Originally posted on October 18, 2022 @ 8:37 AM
One of the tragic outcomes of zero language in safety is the fixation on binary thinking (https://safetyrisk.net/the-binary-barnacle/ ; https://safetyrisk.net/non-binary-decision-making-in-risk/ ). It’s always about zero or 1. It’s always black or white, fast or slow (thanks Kahneman) no in-between. This is NOT how life, living, learning and reality works.
All learning is gradual and involves transitions. In many ways all learning involves a gradation of process and in many ways we never ‘arrive’. Such is the importance of wisdom and maturity.
Just think of how long it takes to learn such essential things as balance, language, reading and writing. All these essentials to live as a human in the world takes many years. Even so, after many years at school some still have no mastery of their own language.
Just think of all that is learned by experience and how all this is embedded in intuitive knowing (We know more than we can say – Polanyi). Think of the many years to learn a trade or how to do even simple tasks and do them well.
It takes years, there is no fast and slow.
Yet we find so much expectation in the safety industry for perfection. Once that induction dump has been made you now apparently know how to be safe. We see this in all cases in safety where blaming is so prevalent.
Anyone who knows the first thing about learning and comprehension knows that learning, memory, recall and embodied learning are neither simple or binary.
We know that just in reading that comprehension is not about absorption but rather all comprehension involves: situation, context, interpretation, prior knowledge, readability, reading readiness, language maturity, summarising, sequencing, deduction, comparison, contrasting, questioning, background knowledge and learning intelligence. Many don’t develop such skills in reading in a life time. Oh yes, but we are going to realise zero in a life time (https://safetyrisk.net/safety-experts-in-speaking-nonsense-to-people/). Zero is a dangerous idea (https://vimeo.com/230093823).
Yet, Safety expects people to read so much text and comprehend it!
Yet no safety curriculum anywhere includes an understanding of perception, motivation, learning and comprehension.
Even in the so called ‘learning teams’ from so called Safety Differently, there is nothing on the nature of learning or comprehension. Similarly, the silly notion of ‘usability mapping’ (https://safetyrisk.net/paperwork-and-usability-in-tackling-risk/) has no comprehension of the nature of learning or comprehension. Amazing how a safety diploma makes one expert in learning, education and comprehension.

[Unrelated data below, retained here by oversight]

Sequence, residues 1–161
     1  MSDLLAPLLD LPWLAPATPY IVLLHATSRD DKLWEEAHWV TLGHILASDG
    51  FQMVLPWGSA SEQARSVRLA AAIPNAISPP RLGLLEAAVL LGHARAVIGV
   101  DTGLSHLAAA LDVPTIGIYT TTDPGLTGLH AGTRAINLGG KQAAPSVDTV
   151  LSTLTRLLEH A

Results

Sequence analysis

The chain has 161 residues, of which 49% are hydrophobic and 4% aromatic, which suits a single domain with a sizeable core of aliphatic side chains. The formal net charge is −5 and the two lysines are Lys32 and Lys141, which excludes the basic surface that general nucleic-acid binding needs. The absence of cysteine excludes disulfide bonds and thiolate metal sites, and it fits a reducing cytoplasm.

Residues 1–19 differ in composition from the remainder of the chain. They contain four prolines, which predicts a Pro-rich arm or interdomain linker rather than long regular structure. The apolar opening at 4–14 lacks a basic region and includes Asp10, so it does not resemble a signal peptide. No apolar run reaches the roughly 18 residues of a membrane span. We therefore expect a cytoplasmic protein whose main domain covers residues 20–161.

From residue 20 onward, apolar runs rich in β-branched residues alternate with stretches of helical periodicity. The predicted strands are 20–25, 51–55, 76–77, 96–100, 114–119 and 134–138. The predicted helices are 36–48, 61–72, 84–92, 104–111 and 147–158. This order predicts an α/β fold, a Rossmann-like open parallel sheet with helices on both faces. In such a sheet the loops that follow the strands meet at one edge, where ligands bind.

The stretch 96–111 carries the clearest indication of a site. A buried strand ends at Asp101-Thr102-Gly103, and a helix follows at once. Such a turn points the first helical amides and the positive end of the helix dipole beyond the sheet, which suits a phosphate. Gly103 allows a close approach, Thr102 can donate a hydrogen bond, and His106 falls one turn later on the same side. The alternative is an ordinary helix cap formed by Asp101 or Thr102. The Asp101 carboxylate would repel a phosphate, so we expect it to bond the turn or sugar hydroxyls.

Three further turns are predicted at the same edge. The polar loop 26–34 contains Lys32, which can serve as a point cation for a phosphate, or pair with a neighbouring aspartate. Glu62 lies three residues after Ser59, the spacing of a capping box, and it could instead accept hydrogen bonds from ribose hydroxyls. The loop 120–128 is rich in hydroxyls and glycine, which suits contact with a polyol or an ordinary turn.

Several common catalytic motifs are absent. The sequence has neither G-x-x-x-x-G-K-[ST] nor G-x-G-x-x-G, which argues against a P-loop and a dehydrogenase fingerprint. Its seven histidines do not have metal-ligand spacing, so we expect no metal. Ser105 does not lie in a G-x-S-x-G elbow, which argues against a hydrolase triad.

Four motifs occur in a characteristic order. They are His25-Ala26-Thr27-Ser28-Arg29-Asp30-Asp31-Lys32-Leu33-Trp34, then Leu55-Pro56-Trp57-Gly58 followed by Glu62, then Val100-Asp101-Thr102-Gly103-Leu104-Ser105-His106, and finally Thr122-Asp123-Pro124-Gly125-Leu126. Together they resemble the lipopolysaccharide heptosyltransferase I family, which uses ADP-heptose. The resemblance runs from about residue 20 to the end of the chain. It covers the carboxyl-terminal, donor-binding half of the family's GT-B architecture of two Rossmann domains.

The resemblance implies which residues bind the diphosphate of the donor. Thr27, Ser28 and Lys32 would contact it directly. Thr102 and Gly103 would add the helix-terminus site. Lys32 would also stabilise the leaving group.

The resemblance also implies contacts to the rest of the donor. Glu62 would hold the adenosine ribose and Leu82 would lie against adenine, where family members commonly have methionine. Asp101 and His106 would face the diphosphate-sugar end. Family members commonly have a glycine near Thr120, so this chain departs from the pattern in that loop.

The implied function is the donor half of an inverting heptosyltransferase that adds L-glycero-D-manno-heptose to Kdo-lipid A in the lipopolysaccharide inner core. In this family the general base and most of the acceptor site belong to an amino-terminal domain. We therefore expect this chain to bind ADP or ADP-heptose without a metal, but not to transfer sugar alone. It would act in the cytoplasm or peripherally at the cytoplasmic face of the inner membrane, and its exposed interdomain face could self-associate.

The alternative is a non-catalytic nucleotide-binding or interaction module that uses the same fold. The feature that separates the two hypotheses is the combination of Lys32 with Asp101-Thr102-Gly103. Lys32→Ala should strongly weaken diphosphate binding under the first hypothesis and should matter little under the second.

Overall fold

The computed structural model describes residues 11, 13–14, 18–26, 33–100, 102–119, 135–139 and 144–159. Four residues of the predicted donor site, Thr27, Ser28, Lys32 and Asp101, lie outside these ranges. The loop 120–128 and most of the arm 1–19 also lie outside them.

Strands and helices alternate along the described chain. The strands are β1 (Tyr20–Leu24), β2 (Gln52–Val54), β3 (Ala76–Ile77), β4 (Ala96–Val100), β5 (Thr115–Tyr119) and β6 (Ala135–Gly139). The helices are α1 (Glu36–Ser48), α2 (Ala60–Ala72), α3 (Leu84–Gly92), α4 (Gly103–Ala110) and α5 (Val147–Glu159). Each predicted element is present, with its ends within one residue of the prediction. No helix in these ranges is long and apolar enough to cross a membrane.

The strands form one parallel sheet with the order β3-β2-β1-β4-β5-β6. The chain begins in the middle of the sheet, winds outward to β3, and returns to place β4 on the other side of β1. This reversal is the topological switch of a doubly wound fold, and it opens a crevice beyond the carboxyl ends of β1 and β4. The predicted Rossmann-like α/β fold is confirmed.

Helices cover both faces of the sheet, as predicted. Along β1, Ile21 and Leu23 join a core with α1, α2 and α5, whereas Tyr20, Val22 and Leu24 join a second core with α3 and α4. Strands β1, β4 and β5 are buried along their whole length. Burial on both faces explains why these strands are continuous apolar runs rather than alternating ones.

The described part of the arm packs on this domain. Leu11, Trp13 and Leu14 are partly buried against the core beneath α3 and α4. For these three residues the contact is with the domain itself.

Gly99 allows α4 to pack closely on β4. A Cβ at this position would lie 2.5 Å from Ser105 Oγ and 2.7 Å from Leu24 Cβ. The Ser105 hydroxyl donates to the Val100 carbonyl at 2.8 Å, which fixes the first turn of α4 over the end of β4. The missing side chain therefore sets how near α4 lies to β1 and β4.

So, let’s have a quick look at all the language we use in daily life that acknowledges the in-between:
· Step by step
· Little by little
· Bit by bit
· Continuous improvement
And so much more.
We live and learn by this language that acknowledges that all learning puts us in the in-between.
Being in-between is foundational for fallibility and essential for learning (https://safetyrisk.net/in-praise-of-in-between-thinking-in-risk-and-safety/ ).
All this language is captured in the principles of ALARP and Due Diligence. Neither of these principles in the Act and Regulation expect perfection or completeness (https://safetyrisk.net/incrementalism-catastrophism-and-all-thats-in-between/).
Fast and slow thinking is a myth (https://safetyrisk.net/the-myth-of-fast-and-slow/).
The simplistic nonsense that circulates about safety related to zero is simply delusional and anti-learning. Zero is the denial of in-between. Zero only accepts the absolute and denies process in learning. Similarly, it denies trial and error, that is foundational to much learning.
This is why in SPoR we acknowledge all of this in the One Brain Three Minds (1B3M) model ( https://vimeo.com/156926212 ).
This is a positive, practical and constructive method embodied in the SPoR method of iCue (https://safetyrisk.net/icue-diagnostic-what-is-your-risk-icue/ ).
Such a model enables a better approach to tackling risk, understanding of learning and accepting the many challenges of comprehension that face the safety industry.